Ailing Banks May Escape EU Rules to Impose Outside Management
Some EU nations are concerned that empowering regulators to send in these so-called special managers could “hasten the decline” of struggling banks, according to a document obtained by Bloomberg News. They prefer to allow this step when a bank is no longer viable, according to the document prepared by Ireland, which holds the EU’s rotating presidency. The Irish document, dated Jan. 11, didn’t identify the countries.
The “special manager” plans are part of a push by Michel Barnier, the EU’s financial services chief, to take taxpayers off the hook for bailing out banks. His proposals also would empower regulators to impose losses on senior creditors, and require nations to create so-called resolution funds that could stabilize crisis-hit lenders.
Barnier’s proposals would give powers to an appointed special manager, such as requiring the bank to boost capital, reorganizing the bank’s ownership structure, and line up a takeover of the business, according to a copy of the plans on the EU’s website. The new manager would replace the bank’s existing bosses and would normally be in the post for a maximum of one year.
The governments’ concerns are shared by Gunnar Hoekmark, a Swedish legislator in charge of the European Parliament’s work on the draft law. “Given the very intrusive character of the special-management tool it should, to my mind, not be an early intervention tool,” Hoekmark said in an e-mail.
France has indicated some support for empowering regulators to appoint special managers before a bank has failed, saying it could act as a useful deterrent to prevent lenders acting irresponsibly.
EU governments have provided as much as 4.6 trillion euros ($6.2 trillion) of capital injections, guarantees and other support to lenders since 2008, as nations scrambled to prevent a meltdown of the financial system following the collapse of Lehman Brothers Holdings Inc..
“Appointing special managers can be an effective tool to avoid a bank having to go into resolution,” Stefaan De Rynck, a spokesman for Barnier, said in an e-mail. “But our legislation leaves it up to the national authorities to decide whether to use this instrument and impose various measures on the bank before it is too late,” he said.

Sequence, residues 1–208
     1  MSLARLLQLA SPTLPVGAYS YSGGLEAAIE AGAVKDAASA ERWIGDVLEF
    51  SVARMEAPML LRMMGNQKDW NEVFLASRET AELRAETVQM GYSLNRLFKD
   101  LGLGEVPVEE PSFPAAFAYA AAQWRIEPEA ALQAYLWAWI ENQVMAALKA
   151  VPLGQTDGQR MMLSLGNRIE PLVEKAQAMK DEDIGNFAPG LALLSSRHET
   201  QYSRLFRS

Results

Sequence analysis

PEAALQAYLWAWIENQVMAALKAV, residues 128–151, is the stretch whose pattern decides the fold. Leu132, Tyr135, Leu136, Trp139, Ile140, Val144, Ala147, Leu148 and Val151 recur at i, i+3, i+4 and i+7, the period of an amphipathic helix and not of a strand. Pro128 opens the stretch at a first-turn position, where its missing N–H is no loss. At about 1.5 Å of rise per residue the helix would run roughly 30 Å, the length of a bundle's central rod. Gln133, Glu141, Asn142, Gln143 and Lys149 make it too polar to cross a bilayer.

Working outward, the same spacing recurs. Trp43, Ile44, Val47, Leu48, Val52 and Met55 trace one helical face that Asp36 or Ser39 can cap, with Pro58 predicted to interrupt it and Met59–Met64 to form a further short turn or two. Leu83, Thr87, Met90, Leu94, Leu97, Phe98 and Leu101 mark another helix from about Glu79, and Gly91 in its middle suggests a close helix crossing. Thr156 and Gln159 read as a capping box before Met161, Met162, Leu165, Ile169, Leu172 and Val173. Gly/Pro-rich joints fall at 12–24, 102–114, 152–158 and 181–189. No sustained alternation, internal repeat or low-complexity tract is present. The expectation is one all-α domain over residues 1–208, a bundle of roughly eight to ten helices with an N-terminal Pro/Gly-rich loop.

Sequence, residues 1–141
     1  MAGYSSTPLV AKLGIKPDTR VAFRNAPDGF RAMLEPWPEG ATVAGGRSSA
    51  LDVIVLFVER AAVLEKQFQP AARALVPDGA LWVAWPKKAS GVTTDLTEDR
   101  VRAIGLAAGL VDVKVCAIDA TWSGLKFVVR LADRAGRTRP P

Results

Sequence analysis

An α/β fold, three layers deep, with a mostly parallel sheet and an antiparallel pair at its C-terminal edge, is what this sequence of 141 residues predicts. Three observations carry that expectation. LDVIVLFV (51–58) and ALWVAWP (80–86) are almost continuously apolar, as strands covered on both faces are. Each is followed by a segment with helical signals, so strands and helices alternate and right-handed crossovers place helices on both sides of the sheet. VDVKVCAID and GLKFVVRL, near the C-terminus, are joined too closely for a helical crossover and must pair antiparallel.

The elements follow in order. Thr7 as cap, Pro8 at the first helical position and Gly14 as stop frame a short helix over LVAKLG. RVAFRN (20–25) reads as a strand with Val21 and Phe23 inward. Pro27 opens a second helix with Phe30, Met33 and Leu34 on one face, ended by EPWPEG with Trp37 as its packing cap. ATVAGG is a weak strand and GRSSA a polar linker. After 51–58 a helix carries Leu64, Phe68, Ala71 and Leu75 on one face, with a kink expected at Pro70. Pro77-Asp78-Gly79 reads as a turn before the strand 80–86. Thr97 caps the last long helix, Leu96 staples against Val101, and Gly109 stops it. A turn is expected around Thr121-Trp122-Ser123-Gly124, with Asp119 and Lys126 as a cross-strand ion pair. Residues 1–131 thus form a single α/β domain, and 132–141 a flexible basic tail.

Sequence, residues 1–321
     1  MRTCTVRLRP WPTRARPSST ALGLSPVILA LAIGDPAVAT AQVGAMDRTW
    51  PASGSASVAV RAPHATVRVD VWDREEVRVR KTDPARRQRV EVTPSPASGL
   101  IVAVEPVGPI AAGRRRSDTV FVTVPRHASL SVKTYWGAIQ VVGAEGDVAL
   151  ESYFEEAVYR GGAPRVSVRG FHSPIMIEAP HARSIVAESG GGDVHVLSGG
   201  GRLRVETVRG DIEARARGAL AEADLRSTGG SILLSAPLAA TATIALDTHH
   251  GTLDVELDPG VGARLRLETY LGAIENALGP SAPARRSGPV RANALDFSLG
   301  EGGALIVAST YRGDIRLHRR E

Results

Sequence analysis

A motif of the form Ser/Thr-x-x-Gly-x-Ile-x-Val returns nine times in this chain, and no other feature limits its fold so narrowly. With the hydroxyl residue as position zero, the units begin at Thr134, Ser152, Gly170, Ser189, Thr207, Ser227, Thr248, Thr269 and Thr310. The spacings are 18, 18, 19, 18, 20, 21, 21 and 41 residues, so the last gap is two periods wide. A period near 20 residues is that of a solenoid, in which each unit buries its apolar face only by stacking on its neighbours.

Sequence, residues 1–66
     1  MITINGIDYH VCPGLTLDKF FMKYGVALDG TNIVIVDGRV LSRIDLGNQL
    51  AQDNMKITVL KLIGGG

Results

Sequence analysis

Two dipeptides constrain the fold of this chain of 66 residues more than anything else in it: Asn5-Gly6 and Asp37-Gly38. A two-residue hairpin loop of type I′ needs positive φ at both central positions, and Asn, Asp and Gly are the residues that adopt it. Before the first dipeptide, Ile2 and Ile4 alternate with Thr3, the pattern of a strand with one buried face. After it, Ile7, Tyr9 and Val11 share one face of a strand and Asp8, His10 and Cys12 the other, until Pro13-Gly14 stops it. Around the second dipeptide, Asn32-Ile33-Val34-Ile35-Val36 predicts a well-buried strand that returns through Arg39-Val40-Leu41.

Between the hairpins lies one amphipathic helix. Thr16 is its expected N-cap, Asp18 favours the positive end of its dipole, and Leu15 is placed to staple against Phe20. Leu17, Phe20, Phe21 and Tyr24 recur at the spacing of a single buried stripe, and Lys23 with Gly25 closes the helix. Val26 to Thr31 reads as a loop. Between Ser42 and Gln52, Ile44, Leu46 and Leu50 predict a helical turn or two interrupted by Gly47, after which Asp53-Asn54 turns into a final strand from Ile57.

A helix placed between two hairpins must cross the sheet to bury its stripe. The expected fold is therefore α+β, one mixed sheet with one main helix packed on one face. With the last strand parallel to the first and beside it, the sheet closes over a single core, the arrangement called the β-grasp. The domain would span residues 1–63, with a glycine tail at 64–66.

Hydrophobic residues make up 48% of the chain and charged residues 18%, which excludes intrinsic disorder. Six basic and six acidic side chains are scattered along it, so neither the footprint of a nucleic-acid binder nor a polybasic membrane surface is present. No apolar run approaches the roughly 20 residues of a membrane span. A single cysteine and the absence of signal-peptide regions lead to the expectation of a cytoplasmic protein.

Ireland is leading discussions between EU nations on Barnier’s proposals, as part of its six-month presidency of the bloc. The country is seeking to broker a deal by the end of March so that talks can begin with lawmakers in the EU parliament, said an Irish spokeswoman who can’t be named, in line with official policy.
In parallel to the EU talks, some national governments in the 27-nation bloc are also weighing their own steps to prevent banks being too big to fail.
Bank of France Governor Christian Noyer last week defended his country’s draft rules for handling failing banks, which include the possibility to change management. Regulators should have maximum flexibility to name outside managers, he said.
The French legislation “needs to allow us to take emergency measures without accelerating ipso facto default. Recently, we’ve found it useful to be able to brandish the credible threat of a nomination,” Noyer told a committee in the French parliament.
Under the EU plans, regulators would only resort to a special manager after trying other early intervention measures, such as forcing the bank’s management to draw up an action plan for recovery, and to replace some board members.
Banks have signaled concern that the EU proposals could push lenders into a death spiral.
Markets could see use of a special manager as “a signal that the bank was in trouble, which in turn could lead to a liquidity and funding crisis,” Oliver Moullin, a director at the Association for Financial Markets in Europe, said by phone. There is also a “very high chance that depositors will withdraw their money,” he said.
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